Ancient Antioch, modern Antakya, is in Turkey. It was originally founded as a Greek city and located on the banks of the Orontes River.
Like Alexandria, it was established by one of Alexander’s generals, in this case, Seleucus I Nicator, the first of the Seleucid Dynasty, which ruled over the largest part of the lands conquered by Alexander.
This included Mesopotamia, Armenia, Cappadocia, Persis, Parthia, Bactria, Arabia, and more. Much of the ancient city is still underground, but some has been excavated, revealing a wealth of beautiful mosaics. So why are we talking about this?
Because several of those mosaics have to do with Isis. It is well known that Isis was worshipped in Antioch. Her worship was supposed to have been introduced by Seleucus IV (187-175 BCE), who built an Iseum there for Her. Her symbols occur on Antiochian coins from 168 BCE. Images of the Goddess and of Serapis have also been discovered, as well as numerous lamps with Isis on them, personal household votive images of the Goddess, and coins with Her head, headdress, or bust.
In ancient Antioch, Isis seems to have been assimilated most strongly with Demeter, Persephone, Aphrodite, and Tyche or Fortuna, as She was in many places, and was preeminently a Goddess of Mysteries.
The locations with the Isis mosaics have been dubbed “The House of the Mysteries of Isis” (in Antioch) and “The House of the Isiac Ceremony” (in Daphne, modern Defne-Yakto, a suburb of Antioch). Perhaps you can see why they caught my interest.
The House of the Mysteries of Isis is just down the hillside from another house with important mosaics, the House of the Bakchic Thiasos. So here again, we find Isis and Dionysos in close proximity; these two houses are, in fact, the only two buildings in the area.
The largest preserved fragment from the House of the Mysteries of Isis is thought to show the voluntary ritual death of the initiate of Isis (as in Apuleius’ tale of initiation into Her Mysteries).
It appears to show the initiate, being led by Hermes (or possibly Hermanubis, according to some scholars), with wand in hand and caduceus on His shoulder, to his “death” (represented by the doorway), while Isis, possibly enthroned, watches him go. Because of the lack of common Isiac attributes (e.g. sistrum) and the fragmentary nature of the mosaic, we’re not completely sure this female figure is supposed to be Isis; perhaps she is a priestess, a spirit, or a different Goddess. Naturally, there is scholarly controversy over her/Her identification.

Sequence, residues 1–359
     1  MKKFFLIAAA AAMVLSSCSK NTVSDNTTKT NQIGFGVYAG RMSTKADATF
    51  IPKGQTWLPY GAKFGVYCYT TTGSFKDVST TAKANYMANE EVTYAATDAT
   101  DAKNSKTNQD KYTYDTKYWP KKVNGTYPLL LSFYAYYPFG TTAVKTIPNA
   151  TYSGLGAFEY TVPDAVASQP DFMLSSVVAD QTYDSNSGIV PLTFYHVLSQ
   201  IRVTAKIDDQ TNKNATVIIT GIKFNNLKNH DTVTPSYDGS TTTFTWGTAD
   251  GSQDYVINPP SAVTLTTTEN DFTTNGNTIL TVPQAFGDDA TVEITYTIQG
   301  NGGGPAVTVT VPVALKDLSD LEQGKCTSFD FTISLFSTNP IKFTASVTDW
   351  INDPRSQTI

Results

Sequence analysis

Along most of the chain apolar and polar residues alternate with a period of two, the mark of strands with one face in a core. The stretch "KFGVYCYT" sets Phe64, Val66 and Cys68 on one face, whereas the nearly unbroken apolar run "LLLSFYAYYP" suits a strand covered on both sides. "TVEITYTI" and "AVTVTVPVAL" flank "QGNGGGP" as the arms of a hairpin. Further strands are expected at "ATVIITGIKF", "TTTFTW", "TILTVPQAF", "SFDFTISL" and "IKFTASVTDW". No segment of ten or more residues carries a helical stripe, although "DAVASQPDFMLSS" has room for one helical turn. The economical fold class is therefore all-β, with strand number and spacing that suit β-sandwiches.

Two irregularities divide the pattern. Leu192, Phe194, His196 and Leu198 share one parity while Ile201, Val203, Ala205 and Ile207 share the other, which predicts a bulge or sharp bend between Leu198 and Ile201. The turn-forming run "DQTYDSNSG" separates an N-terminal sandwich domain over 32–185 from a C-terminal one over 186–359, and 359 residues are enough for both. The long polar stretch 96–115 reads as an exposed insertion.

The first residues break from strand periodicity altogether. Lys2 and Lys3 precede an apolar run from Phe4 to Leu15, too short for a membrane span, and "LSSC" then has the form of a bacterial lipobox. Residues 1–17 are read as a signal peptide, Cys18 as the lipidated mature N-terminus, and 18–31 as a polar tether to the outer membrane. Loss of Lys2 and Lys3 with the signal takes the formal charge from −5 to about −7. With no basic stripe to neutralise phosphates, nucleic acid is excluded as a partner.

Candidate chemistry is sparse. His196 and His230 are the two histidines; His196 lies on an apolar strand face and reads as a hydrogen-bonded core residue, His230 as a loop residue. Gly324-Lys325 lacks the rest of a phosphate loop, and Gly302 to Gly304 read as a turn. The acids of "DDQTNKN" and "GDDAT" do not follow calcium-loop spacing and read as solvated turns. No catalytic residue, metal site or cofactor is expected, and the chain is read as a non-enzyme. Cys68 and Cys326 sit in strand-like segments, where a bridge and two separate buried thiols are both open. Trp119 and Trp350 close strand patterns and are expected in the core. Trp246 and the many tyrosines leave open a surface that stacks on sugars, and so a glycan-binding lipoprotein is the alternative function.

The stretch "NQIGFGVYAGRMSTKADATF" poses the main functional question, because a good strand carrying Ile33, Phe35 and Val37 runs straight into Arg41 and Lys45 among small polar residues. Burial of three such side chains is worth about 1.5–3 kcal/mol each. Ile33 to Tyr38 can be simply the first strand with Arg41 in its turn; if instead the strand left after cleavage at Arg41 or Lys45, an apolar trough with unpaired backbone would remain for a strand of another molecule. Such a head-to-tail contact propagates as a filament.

In another room in the same house, a mosaic has been identified as a representation of the Navigium Isidis, the Festival of the Ship of Isis, also described by Apuleius. This would strengthen the case that the female figure in the previous mosaic is intended to be Isis, but there has been controversy over the identification of this scene as well. A third mosaic in the house features theatrical masks, which would seem to relate it to the mosaics in the House of the Bakchic Thiasos. Nothing that has been discovered so far, however, makes that certain.
Interestingly, the room with the ritual death of the initiate faces west; this is appropriate for the Egyptian tradition that the dead entered The Beautiful West, personified as the Goddess Amentet Noferet. The Navigium scene faces east, perhaps indicating new beginnings. Of course, there may be no significance to the orientation, but if its just chance, it is magically excellent chance.
In the ritual death scene, the female figure wears a white peplos, a veil, and a wreath with spiky foliage on it. She holds a torch and reaches out to the initiate. The initiate may be naked but for a headdress and shoulder drape; we can’t tell because the middle of his body is missing.
The ritual mosaic is in a small room, suggesting that it was not intended for any type of group ritual, but was likely intended for the family and may have been commissioned to commemorate the homeowner’s own initiation. One researcher has suggested that the ambiguity of the Goddess figure was purposeful, so that only initiates would know who She was, while non-initiates could simply appreciate the mosaic as a work of art.
This seems like an interesting and reasonably possible scenario to me. This idea may be supported by the fact that none of the figures are labeled with a name, which is uncommon in ancient mosaics.
The mosaic from the House of the Isiac Ceremony is much more straightforward. It clearly shows two female figures, one in Isiac white and one carrying a sistrum. This could easily be a representation of an Isis ceremony in which the homeowner took part and wished to commemorate. Who knows? Perhaps it was even the home of a priestess of Isis.
Another mosaic from Antioch is part of a calendar and shows a wreath-crowned woman with libation cup, spear, and with her tunic knotted at the breast similar to the famous Isis knot. It’s hard to read, but may be labeled as “March.” Thus, one of the scholars studying this piece suggested that the figure represented the Navigium, which was held on March 5 and opened shipping for the year.
A calendar mosaic from Carthage shows a figure with a sistrum for November, which was the month in which the festival of Isis’ Search for Osiris was held.
So there you are. We don’t know much about Isis in Antioch, but so far at least, this is the most interesting of the information I’ve been able to find. I hope archeological work continues to go on in Antioch so that we may learn more about Isis in this important city that was so vital in ancient times.